‘She died right in my arms’: Witness says little girl was victim of Kabul terror attacks

·4-min read

Watch: 'She died right in my arms': Afghan witness says small child was victim of Kabul blasts

Eye-witnesses have described the devastation caused by the bomb attack in Kabul, including one man who said he watched a five-year-old girl die in his arms.

At least 93 people were killed in the attack near the city's airport on Thursday, including 13 US military personnel and two British nationals and the child of a British national.

It has prompted US President Joe Biden to pledge revenge on those who carried it out.

Evacuation flights have restarted at the airport following the attack, but Defence Secretary Ben Wallace said it is likely that people eligible to be resettled in the UK will be left behind as the effort is in its "final hours".

As people desperately tried to board remaining flights out of Afghanistan, witnesses to the bombing on Thursday described the tragedy as it unfolded in front of their eyes.

A Taliban fighter stands guard at the site of the August 26 twin suicide bombs, which killed scores of people including 13 US troops, at Kabul airport on August 27, 2021. (Photo by WAKIL KOHSAR / AFP) (Photo by WAKIL KOHSAR/AFP via Getty Images)
The scene of the bombing at Kabul airport, which left at least 93 people dead (AFP)

Read more: Foreign Office staff left details of Afghans at British Embassy for Taliban to find

One, named as Carl, who had been working as an Afghan translator for the US Marine Corps, said he was trying to get out of the country when the bomb detonated.

He tried to help a five-year-old girl who he found lying on the ground, but described how she died in his arms.

"I got a baby girl, she was five years old, she died right in my hands.

"I tried to help her. She was not my baby girl, she was somebody else's girl and I saw her on the ground. I picked her up to take her to the hospital but she died right in my hands."

'It was like a doomsday'

One former interpreter escaped unscathed despite being close to the explosion with his wife, three-month-old baby girl and three-year-old son.

"It was like doomsday," he said, "injured people everywhere".

Another Afghan who had been trying to reach the airport described seeing blood running through a sewage canal.

EDITORS NOTE: Graphic content / Volunteers and medical staff bring an injured man on a stretcher to a hospital for treatment after two powerful explosions, which killed at least six people, outside the airport in Kabul on August 26, 2021. / AFP / Wakil KOHSAR
The bombing left dozens injured as people tried to leave Afghanistan. (AFP)

"For a moment I thought my eardrums were blasted and I lost my sense of hearing," he said. "I saw bodies and body parts flying in the air like a tornado blowing plastic bags. I saw bodies, body parts, elders and injured men, women and children scattered. That little water flowing in the sewage canal had turned into blood."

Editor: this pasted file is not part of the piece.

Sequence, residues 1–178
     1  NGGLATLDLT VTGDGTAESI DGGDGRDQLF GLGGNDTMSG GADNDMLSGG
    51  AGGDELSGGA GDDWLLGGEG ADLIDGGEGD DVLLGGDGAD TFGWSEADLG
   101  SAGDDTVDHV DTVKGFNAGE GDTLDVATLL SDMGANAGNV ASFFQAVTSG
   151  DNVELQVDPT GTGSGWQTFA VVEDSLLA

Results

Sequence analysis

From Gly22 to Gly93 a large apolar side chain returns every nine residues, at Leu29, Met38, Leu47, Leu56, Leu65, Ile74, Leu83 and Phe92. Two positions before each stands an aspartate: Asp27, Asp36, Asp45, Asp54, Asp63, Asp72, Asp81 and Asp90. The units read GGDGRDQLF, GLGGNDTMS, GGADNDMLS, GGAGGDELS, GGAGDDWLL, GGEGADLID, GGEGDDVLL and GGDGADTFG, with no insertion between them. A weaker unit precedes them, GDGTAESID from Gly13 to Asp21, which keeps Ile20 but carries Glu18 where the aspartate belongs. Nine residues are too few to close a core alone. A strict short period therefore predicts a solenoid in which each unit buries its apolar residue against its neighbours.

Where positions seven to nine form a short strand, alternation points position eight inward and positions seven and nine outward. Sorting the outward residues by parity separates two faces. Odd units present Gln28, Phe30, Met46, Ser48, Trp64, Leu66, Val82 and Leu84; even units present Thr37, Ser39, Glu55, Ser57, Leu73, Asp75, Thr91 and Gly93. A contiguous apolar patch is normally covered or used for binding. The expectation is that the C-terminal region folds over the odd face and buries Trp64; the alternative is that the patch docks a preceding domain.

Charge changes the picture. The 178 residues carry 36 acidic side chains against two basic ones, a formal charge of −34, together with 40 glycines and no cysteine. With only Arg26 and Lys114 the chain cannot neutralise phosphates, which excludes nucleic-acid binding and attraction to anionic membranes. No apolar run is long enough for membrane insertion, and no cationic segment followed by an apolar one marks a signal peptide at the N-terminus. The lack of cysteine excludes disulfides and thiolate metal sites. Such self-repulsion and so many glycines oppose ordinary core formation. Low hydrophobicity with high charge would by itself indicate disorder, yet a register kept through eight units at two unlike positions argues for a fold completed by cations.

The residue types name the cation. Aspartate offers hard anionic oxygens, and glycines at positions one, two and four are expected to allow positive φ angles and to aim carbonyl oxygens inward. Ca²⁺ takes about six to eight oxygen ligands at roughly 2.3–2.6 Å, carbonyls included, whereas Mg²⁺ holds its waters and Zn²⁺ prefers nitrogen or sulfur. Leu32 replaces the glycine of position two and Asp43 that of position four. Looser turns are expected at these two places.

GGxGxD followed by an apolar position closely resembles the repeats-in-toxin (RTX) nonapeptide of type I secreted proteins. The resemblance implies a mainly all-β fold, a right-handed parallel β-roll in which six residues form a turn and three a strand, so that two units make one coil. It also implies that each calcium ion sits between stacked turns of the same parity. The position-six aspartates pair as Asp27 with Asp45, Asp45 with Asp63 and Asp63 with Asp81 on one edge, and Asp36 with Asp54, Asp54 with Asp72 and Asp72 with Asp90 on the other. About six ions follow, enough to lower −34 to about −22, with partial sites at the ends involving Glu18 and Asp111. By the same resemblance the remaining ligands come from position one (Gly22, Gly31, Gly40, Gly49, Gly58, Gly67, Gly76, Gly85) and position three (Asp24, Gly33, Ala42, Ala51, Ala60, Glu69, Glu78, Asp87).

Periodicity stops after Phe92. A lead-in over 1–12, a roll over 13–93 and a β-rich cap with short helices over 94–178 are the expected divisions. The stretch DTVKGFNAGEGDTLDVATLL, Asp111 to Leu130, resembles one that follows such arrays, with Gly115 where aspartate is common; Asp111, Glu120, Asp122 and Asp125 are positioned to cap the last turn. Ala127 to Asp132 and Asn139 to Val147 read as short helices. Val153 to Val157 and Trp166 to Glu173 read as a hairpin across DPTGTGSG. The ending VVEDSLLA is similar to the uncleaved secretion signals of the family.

Milad who was at the scene of the first blast said: "Bodies, flesh and people were thrown into a canal nearby."

"When people heard the explosion there was total panic. The Taliban then started firing in the air to disperse the crowd at the gate," a second witness said. "I saw a man rushing with an injured baby in his hands."

Zubair, a 24-year-old civil engineer, who had been trying for nearly a week to get inside the airport with a cousin who had papers authorising him to travel to the US, said he was 50 metres from a suicide bomber who detonated explosives at the gate.

He said: "Men, women and children were screaming. I saw many injured people – men, women and children – being loaded into private vehicles and taken toward the hospitals."

Following the bombing, Joe Biden gave a statement in which he said the perpetrators of the attacks would be 'made to pay'.

The final British flights out of Afghanistan were set to leave on Friday, with Defence Secretary Ben Wallace saying the effort was into its "final hours" after the closure of the main processing centre in Kabul at the Baron Hotel near the airport.

He told Sky News: "We at 4.30 this morning, UK-time, closed the Baron Hotel, shut the processing centre and the gates were closed at Abbey Gate.

"We will process the people that we've brought with us, the 1,000 people approximately in the airfield now and we will seek a way to continue to find a few people in the crowds where we can, but overall the main processing is now closed and we have a matter of hours.

"The sad fact is not every single one will get out.

"The threat is obviously going to grow the closer we get to leaving."

Watch: Biden pledges to 'hunt' down Kabul attackers

Our goal is to create a safe and engaging place for users to connect over interests and passions. In order to improve our community experience, we are temporarily suspending article commenting